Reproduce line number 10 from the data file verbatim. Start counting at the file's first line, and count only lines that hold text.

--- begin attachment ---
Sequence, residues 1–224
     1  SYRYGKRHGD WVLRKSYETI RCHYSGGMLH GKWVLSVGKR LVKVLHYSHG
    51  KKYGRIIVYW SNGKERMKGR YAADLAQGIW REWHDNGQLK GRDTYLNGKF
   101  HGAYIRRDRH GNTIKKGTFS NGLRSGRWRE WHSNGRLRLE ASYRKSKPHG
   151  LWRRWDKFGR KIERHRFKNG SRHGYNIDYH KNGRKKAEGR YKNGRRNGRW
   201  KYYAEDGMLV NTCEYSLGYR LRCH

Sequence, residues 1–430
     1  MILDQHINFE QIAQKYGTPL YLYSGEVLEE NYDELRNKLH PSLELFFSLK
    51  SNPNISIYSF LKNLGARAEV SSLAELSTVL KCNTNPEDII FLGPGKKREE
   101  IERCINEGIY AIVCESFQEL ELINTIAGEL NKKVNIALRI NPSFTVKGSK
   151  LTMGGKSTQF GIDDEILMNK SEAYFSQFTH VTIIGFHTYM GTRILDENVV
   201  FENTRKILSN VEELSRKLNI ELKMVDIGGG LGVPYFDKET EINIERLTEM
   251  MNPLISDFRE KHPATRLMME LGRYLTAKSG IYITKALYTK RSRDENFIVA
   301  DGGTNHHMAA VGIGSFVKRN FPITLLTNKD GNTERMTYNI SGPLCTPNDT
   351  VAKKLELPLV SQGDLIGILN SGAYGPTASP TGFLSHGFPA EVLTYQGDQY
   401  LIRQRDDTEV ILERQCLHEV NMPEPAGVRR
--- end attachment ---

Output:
   101  IERCINEGIY AIVCESFQEL ELINTIAGEL NKKVNIALRI NPSFTVKGSK